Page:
23 F.3d 1195, 1202 (9th Cir. 2001); 20 C.F.R. §§ 404.1527(c)(1)-(2), 416.027(c)(1)24 (2). The opinion of the treating physician is generally given the greatest weight
25 because the treating physician is employed to cure and has a greater opportunity to
26 understand and observe a claimant. Smolen v. Chater, 80 F.3d 1273, 1285 (9th Cir.
27 1996); Magallanes v. Bowen, 881 F.2d 747, 751 (9th Cir. 1989).
Nevertheless, the ALJ is not bound by the opinion of the treating physician.
2 Smolen, 80 F.3d at 1285. If a treating physician’s opinion is uncontradicted, the
3 ALJ must provide clear and convincing reasons for giving it less weight. Lester,
4 81 F.3d at 830. If the treating physician’s opinion is contradicted by other
5 opinions, the ALJ must provide specific and legitimate reasons supported by
6 substantial evidence for rejecting it. Id. Likewise, the ALJ must provide specific
7 and legitimate reasons supported by substantial evidence in rejecting the
8 contradicted opinions of examining physicians. Id. at 830-31. The opinion of a
9 non-examining physician, standing alone, cannot constitute substantial evidence.
10 Widmark v. Barnhart, 454 F.3d 1063, 1066 n.2 (9th Cir. 2006); Morgan v.
11 Comm’r, 169 F.3d 595, 602 (9th Cir. 1999); see also Erickson v. Shalala, 9 F.3d
12 813, 818 n.7 (9th Cir. 1993).
Treating and Examining Physicians Regarding Mental Health
Dr. Marc Nehorayan, a psychiatrist, treated plaintiff from May 31, 2012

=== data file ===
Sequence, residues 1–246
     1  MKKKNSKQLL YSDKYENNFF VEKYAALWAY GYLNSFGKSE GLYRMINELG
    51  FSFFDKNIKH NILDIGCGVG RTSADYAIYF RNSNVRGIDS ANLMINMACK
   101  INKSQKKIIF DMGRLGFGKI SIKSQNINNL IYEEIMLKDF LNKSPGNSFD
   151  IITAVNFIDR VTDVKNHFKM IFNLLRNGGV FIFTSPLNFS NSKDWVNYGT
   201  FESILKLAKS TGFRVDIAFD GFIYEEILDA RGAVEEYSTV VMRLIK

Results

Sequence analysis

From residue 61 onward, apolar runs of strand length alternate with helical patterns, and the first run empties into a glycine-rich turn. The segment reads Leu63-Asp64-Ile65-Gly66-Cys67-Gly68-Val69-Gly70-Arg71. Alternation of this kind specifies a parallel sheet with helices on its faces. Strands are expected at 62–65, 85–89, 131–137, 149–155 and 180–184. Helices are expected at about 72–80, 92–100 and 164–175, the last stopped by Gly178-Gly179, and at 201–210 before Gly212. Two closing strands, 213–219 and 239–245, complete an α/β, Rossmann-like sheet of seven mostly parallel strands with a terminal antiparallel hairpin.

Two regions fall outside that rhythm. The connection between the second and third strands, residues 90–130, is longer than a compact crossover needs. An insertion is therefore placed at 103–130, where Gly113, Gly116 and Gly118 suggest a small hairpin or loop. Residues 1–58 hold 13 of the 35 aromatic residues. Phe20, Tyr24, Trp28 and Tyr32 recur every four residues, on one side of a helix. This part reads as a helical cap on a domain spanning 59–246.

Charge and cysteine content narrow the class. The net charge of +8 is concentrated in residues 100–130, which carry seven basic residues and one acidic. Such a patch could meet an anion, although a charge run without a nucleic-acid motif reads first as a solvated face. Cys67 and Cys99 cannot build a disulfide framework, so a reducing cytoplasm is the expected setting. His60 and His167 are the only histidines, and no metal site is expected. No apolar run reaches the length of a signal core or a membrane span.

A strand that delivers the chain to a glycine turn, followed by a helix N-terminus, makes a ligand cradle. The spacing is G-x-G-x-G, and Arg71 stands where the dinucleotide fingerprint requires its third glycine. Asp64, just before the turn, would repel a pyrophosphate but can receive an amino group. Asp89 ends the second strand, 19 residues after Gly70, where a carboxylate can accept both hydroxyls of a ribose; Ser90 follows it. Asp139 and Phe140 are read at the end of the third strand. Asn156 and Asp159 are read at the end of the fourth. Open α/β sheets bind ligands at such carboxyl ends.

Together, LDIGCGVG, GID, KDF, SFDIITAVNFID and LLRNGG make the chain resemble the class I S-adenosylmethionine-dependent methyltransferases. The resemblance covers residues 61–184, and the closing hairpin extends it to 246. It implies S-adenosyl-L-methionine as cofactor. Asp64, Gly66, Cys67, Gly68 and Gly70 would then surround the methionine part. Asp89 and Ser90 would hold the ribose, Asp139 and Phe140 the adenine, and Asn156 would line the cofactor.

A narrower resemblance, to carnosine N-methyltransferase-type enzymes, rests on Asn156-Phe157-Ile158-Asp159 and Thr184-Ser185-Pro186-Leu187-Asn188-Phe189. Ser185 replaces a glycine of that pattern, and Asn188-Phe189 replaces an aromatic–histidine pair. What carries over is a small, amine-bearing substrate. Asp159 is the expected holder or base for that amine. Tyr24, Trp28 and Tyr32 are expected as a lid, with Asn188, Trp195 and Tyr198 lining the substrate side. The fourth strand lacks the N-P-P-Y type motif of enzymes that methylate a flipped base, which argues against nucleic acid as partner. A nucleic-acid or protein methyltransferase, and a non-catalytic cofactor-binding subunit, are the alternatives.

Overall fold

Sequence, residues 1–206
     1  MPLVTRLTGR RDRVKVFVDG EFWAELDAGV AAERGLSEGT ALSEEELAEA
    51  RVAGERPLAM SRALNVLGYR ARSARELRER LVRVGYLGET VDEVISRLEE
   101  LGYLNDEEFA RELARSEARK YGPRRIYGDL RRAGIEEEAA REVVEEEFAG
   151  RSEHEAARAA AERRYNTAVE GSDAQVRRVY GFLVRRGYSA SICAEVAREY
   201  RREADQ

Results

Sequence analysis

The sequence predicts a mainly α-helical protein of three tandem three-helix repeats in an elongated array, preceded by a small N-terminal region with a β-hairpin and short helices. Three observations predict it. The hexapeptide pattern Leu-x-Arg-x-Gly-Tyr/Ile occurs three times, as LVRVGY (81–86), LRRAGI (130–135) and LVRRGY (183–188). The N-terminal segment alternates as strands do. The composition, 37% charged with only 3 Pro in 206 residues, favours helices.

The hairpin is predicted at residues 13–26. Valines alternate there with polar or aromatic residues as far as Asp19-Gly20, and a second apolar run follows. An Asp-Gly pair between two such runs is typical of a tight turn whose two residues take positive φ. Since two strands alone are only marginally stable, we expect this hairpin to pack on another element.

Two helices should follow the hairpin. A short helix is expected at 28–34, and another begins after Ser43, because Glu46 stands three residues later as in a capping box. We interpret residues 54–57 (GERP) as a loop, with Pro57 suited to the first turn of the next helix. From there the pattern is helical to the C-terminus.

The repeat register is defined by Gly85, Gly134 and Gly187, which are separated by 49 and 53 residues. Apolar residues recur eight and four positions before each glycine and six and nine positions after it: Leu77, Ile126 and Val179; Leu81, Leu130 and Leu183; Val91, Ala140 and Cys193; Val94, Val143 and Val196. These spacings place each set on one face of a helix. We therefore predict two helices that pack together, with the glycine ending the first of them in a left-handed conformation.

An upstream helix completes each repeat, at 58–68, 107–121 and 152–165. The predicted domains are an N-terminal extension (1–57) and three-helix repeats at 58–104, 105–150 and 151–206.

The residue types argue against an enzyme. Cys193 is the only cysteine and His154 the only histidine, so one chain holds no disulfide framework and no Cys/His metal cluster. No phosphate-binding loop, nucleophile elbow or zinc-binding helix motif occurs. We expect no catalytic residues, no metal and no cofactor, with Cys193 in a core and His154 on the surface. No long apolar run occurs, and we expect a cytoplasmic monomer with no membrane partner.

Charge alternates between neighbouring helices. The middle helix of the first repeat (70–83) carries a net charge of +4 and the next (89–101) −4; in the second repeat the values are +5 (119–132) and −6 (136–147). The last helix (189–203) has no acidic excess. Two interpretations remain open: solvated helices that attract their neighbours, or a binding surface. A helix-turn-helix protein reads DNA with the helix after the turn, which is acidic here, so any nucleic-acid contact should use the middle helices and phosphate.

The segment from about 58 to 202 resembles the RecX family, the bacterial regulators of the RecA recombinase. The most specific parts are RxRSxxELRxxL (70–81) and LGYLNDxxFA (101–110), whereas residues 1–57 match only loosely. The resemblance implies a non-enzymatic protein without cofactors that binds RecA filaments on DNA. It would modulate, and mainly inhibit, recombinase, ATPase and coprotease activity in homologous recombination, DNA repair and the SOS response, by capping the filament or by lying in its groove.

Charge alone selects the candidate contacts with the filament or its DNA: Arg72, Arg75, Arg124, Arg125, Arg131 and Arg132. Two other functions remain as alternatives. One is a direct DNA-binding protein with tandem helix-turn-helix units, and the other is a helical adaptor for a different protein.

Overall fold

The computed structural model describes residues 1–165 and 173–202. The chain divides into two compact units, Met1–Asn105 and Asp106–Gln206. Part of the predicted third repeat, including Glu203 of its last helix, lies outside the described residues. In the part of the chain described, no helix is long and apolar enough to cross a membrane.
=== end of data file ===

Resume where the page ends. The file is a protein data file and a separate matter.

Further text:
15 through at least January 29, 2014 in connection with a worker’s compensation
16 case.2 See AR at 404-16, 818-23, 1111-36, 1172-74. At the initial evaluation, Dr.
17 Nehorayan observed plaintiff had a grimacing expression, was slightly anxious,
18 was tired, and was oriented. See id. at 409-10. Dr. Nehorayan administered
19 several psychological tests, the scores of which indicated plaintiff experienced
20 severe depression, mild anxiety, and hopelessness. Id. at 411. Based on the initial
21 evaluation, tests, history, and medical records, Dr. Nehorayan’s diagnostic
22 impression was plaintiff suffered from adjustment disorder with anxious mood,
In September 2012, plaintiff reported to Dr. Michael S. Cohn that he was
25 seeing a psychiatrist every three weeks and a psychologist every two weeks. AR at
26 441. In contrast, in September 2013, plaintiff told Dr. Nehorayan he had never
been treated by a mental health professional. Id. at 1120. The record contains no
27 treatment notes from any mental health provider other than Dr. Nehorayan. See id.
28 at 404-16, 818-23, 1111-36, 1172-74.
1 sleep disorder due to a general medical or orthopedic condition, orthopedic
2 injuries, occupational injury, and physical dysfunction, and he assessed a global
3 assessment of functioning (“GAF”) score of 62.3 Id. at 412. Dr. Nehorayan did